No man or woman is an island.
Now more than ever the importance of ingraining a long-term approach to wellbeing is evident and should be top of most HR Managers agenda. We all need to feel connected to others to help us remain happy and healthy. This is a well-documented evidence-based fact.
To stay mentally healthy, we often need the support of others. From friends, family, to work colleagues, and managers. An employee with strong resources and relationships is much more likely to be productive and remain with your organisation.
Here are a few tips to support your employees and to maintain their wellbeing.
- Encourage employees to prioritise self-care. Lead by example and establish clear boundaries between work and leisure time.
- Foster positive working relationships in the team and maintain social and informal contact.
- Give control over the way the work is done when communicating work demands. Ask for input/opinions from your employees as to how they believe projects and tasks could be approached for optimal performance. Everyone likes to be heard and they may have some very good suggestions.
- Providing a safe physical work environment is important. Communicating your organisation’s response to Covid-19 on a regular basis is reassuring. Employees will know that their well-being is high on your agenda.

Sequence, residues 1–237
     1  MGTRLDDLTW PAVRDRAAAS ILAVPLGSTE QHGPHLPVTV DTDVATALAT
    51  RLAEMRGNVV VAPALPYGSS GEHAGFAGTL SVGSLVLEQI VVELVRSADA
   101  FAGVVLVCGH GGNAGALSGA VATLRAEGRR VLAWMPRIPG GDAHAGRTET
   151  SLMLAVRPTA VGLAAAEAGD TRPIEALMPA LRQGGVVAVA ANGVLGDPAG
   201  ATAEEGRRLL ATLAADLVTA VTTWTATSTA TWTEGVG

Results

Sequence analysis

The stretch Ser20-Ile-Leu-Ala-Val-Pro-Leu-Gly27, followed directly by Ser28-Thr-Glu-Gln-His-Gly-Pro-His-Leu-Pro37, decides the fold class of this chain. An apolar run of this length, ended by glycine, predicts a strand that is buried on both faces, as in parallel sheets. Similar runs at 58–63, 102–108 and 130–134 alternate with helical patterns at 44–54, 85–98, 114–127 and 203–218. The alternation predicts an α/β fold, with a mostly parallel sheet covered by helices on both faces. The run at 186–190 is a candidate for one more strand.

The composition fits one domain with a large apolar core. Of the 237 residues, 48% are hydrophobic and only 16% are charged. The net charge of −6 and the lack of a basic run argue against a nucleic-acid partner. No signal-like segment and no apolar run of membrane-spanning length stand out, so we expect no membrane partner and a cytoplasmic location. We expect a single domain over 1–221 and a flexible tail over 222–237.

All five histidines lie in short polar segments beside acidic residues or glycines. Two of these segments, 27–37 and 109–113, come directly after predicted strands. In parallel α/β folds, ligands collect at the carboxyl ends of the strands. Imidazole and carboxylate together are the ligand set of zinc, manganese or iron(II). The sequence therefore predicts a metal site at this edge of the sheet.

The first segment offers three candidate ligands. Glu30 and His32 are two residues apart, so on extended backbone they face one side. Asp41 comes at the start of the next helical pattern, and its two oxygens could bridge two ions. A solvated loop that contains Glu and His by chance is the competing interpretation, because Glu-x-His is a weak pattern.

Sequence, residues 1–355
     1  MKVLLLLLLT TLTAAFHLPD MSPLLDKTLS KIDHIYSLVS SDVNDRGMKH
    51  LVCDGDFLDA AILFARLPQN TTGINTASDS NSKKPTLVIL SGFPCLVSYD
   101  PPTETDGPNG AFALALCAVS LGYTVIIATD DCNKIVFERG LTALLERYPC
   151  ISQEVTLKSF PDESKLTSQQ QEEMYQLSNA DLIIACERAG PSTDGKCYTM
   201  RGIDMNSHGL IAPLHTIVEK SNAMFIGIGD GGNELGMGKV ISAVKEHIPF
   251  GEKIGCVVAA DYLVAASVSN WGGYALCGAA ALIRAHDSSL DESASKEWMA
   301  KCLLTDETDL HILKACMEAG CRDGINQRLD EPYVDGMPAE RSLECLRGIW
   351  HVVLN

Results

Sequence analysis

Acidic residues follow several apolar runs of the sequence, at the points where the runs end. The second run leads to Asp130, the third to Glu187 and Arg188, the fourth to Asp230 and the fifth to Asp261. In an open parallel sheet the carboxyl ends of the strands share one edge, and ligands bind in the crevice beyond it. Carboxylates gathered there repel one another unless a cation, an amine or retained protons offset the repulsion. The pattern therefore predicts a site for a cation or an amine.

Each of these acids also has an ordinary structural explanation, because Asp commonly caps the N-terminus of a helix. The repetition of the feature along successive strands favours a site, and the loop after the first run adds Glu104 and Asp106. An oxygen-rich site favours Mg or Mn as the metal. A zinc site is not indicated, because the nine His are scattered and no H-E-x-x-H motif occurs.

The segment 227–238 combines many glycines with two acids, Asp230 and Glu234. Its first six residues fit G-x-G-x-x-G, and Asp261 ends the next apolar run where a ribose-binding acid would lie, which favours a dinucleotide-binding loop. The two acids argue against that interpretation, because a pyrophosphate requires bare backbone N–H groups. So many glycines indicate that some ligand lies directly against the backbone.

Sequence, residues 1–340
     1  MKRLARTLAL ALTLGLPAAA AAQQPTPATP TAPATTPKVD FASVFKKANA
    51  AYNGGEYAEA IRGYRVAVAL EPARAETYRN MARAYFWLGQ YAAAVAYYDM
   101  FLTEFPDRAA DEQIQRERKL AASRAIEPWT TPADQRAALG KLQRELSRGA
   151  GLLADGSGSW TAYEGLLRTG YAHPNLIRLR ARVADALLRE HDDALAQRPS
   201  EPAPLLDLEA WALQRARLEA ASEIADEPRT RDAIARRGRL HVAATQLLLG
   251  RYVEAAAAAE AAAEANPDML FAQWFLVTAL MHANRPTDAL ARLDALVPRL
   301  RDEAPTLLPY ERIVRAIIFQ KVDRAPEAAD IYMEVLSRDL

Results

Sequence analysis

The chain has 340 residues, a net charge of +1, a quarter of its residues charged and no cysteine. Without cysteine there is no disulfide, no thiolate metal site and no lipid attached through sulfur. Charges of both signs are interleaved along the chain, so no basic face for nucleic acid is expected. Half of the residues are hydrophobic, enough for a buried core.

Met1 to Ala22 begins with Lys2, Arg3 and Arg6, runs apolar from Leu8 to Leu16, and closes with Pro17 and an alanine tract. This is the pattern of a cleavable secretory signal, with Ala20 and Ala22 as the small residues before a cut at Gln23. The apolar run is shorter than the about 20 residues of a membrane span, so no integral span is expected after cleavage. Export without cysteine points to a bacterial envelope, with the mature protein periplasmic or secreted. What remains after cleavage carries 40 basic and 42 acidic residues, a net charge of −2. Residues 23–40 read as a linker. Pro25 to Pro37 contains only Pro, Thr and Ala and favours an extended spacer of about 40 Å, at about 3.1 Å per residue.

- Explore work adjustments where appropriate and ensure the necessary equipment to work safely is provided.
- Consider more flexible working practices and leave policies if they are not already in place. Let it be known that employees are welcome to have a conversation about this topic.
Establish a culture where mental health and physical health are prioritised, spoken about and part of the employee experience. This will not only benefit the company’s reputation, but also contribute to the bottom line and enhance your company’s brand.
Regularly highlight any support programmes you have in place. This might include any EAPs (employee assistant programmes) and health schemes. If you do not have them in place, you could consider introducing them.
Ask managers to be observant of cues from employees that may indicate they are struggling such as a change in behaviour. For example, work tardiness where it was previously not an issue.
Finally and most important of all, be available to employees, but not intrusive.
About the Author: Barbara is a Senior HR Consultant and Organisational Psychologist and can be reached on firstname.lastname@example.org